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New task force hopes to tackle crime in downtown St. Louis

"When it comes to downtown safety failure is not an option,” Bill Dewitt III said. “We have to fix this."

ST. LOUIS — A newly formed coalition between city leaders and local business owners is looking to curb the violence downtown.

Homicides are already at a 5-year low and down 35% year-to-year.

The Downtown Engagement and Public Safety Initiative is seeking to bring business back from ‘The Dome’ to the ballpark by adding more officers and engaging local leaders.

The Cardinals are in a pennant race, but team president Bill Dewitt III admits he has more than baseball on his mind.

"When it comes to downtown safety failure is not an option,” Dewitt III said. “We have to fix this."

St. Louis Mayor Tishaura Jones (D) said her office is already on the job of improving downtown safety by issuing citations to places like Reign and Wheelhouse which have been hotspots for violence in recent weeks.

"Guns and public safety are substantial issues facing our region,” Jones said. “There's no denying that truth."

That’s why the city is spending $11 million in federal funding on public safety initiatives and adding 30 officers downtown on the weekend.

"We're looking to do things beyond just law enforcement,” Dr. Daniel Isom said. “We certainly don't think 30 officers, or 100 officers is the long term answer. We believe that looking at this comprehensively we will come up with long term solutions."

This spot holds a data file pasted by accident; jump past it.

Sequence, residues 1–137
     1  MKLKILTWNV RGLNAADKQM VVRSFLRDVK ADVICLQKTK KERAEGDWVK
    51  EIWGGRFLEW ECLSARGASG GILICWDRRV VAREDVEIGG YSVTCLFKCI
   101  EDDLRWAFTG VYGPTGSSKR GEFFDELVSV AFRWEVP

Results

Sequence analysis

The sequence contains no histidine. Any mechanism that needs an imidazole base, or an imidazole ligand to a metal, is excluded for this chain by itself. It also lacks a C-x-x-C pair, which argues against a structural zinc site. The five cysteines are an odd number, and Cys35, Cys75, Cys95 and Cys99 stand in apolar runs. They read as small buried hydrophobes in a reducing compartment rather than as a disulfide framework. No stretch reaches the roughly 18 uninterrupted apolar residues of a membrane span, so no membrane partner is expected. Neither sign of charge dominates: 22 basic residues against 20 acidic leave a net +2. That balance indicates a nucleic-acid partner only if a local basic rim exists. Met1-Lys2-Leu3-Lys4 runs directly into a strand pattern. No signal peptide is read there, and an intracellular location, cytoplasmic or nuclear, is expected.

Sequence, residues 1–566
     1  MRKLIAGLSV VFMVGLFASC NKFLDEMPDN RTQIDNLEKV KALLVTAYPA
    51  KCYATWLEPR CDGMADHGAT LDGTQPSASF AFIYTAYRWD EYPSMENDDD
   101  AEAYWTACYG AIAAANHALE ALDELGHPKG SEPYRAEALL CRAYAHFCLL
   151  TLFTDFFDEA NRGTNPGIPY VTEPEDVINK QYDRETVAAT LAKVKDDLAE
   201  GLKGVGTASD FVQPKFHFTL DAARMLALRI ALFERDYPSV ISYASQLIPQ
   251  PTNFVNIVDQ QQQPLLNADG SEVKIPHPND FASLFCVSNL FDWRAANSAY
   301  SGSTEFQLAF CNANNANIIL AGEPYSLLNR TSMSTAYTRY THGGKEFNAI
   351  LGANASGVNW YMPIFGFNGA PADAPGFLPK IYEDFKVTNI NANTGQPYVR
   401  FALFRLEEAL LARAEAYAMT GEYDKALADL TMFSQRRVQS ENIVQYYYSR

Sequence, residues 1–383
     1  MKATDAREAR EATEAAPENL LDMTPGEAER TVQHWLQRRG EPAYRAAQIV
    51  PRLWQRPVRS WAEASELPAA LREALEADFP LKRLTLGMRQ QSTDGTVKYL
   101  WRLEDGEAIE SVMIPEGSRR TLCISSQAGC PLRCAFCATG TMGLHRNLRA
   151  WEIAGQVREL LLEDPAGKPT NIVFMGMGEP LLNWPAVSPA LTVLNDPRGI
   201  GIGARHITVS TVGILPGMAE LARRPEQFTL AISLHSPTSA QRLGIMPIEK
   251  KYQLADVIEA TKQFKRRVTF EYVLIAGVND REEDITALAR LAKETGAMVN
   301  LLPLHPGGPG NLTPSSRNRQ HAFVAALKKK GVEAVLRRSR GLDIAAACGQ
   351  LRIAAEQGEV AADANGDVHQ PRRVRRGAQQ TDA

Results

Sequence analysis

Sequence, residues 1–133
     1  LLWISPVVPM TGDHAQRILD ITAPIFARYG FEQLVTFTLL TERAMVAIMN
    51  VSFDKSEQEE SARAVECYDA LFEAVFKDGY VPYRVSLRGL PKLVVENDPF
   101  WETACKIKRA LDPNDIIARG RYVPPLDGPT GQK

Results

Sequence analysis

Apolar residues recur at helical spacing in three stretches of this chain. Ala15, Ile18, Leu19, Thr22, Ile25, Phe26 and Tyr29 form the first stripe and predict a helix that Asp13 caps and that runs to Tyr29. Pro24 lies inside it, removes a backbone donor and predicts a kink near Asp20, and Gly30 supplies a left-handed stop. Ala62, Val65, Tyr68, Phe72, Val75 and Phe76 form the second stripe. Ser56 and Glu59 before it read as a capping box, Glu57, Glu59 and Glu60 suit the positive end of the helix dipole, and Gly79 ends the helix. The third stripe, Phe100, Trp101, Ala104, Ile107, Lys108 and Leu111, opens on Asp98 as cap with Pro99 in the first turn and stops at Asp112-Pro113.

"You can have 30 people, but if they're over here and the crime is happening over on the left it's not doing you any good,” Anthony Thompson said.

Those officers will initially be stationed near Kiener Plaza, City Garden, and Washington Ave., where local businessman Anthony Thompson believes he has a long term solution.

"I want to put a police substation in my building on that corner, and increase the presence,” Thompson said. "I think that's it.  Who robs somebody in front of the cops?"

As they analyze the data over the next six weeks we asked local business owners if they’re confident this plan will work.

"There should be no concern,” said Dewitt III.

"The police officers should help solve some of those problems by having a presence,” said Thompson.

"I think it will really lead to a safer downtown,” said Dewitt III.

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